Friday 20 May 2016

The Diaspora conundrum – what happens when sojourners return to the herd

There is a popular YouTube clip of a Nigerian comedian that travels to South Africa and comes back with an 'American' accent. As much as his new found tongue confuses his old friend, it also doesn't come across with the greatest deal of conviction or accuracy. Absurd as this may sound, it provides a great picture of how people respond to migration and the cultural changes that often follow.
Leaving the country of your birth to live in another country presents opportunities for exciting new experiences and broadened horizons. New foods, different weather and language are just some of the challenges but sometimes, the biggest challenge is going back home.
For many, living in a different country means living a different lifestyle and letting go of some practices that might have previously been deemed fundamental. Survival, sacrifice and making the most of the opportunity are often at the core of the experience and this can result in different choices and new thought processes. When many migrants return to their native lands, they are a completely different version of the person that left.
Africans in Diaspora

While the importance of staying true to who you are and where you come from cannot be overstated, it is unfair that many migrants have to face accusations of betrayal and selling out when they go back home. Some are even excommunicated and told not to return until everything is back to 'normal'.
In many Nigerian cultures, the term 'Oyinbo' can either be used to describe a European (white person) or someone who is behaving like a European. The term can be innocent or pejorative, depending on context. This term is often used, in its most pejorative form, to describe migrants who return home with different thought processes and inclinations towards different choices.
For many of these migrants, this puts them in a confusing situation as they also have to deal with acceptance and integration issues in the land of their travels. For many migrants, knowing that you are different is a constant reality that they have to face almost every day. Whether the difference is in your accent, cultural disposition or skin colour, the reality of your 'foreignness' is almost impossible to ignore. So to go back home and have to deal with a different form of that reality can be very unsettling for their sense of identity. Basically, they do not feel like they belong anywhere.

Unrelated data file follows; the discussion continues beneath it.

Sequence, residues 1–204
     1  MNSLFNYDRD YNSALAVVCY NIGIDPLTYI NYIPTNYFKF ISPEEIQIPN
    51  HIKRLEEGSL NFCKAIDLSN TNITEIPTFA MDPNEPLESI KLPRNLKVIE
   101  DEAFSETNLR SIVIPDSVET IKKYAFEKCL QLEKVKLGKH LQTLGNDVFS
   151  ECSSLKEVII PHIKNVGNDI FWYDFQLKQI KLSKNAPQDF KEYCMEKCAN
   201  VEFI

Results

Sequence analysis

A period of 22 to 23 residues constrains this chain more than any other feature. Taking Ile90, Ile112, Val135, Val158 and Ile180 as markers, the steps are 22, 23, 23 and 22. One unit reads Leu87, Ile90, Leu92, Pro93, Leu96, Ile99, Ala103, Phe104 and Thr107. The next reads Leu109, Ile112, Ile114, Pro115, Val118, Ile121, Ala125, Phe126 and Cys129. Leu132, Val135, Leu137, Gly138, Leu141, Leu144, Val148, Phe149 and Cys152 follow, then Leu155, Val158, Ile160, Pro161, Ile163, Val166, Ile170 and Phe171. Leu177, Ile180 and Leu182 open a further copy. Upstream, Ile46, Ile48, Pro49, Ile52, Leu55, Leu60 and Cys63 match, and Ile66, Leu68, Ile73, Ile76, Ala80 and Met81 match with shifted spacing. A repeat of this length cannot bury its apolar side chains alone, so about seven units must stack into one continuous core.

This is not a new phenomenon and many different approaches have been taken to deal with the matter with little overall success. Some have encouraged an inward facing approach where the only culture that is acknowledged is the 'home culture'. For example, some people will only engage in social activities or actively encourage interaction with people from the same or similar cultures. On the other hand, you find another group of people that completely neglect their home culture, trading it for the values and traditions of the land of their travels. Both of these approaches have advantages but they fail to acknowledge and celebrate the reality of migrants being people from a different land to where they are currently situated.
The harsh reality for many migrants, especially those that migrate at a young age, is that many live their lives in limbo, struggling to find a place to pitch the tent of their identity without any reservations. The influence of the home culture differentiates them from neighbours in the land of the travels and the influence of the land of their travels makes them stand out when they are back in the homeland. This often leads to an identity crisis, a sort of rebellion and, in some cases, general disillusion with life. This can also put them at odds with their communities, sometimes resulting in anti-social behaviour.
As someone who moved countries at a young age and is known for being proud of his heritage but has also been called 'Oyinbo' in the most pejorative way, the only thing that kept me from the issues mentioned was the constant support of family and friends which encouraged me to own my experience without apology. Otherwise, it would have been a one-way ticket to rebellion and disillusionment.
It is only when we begin to celebrate our diaspora cultures for what they are, we will get a full blossoming that might even attract others to join us. We will get Tapas-style Nigerian restaurants and ball gowns made out of Kente. Not everyone will appreciate or understand it, especially the guys back home, but those that do will join us to celebrate. That will only happen when people of the diaspora begin to own their experience without apology.

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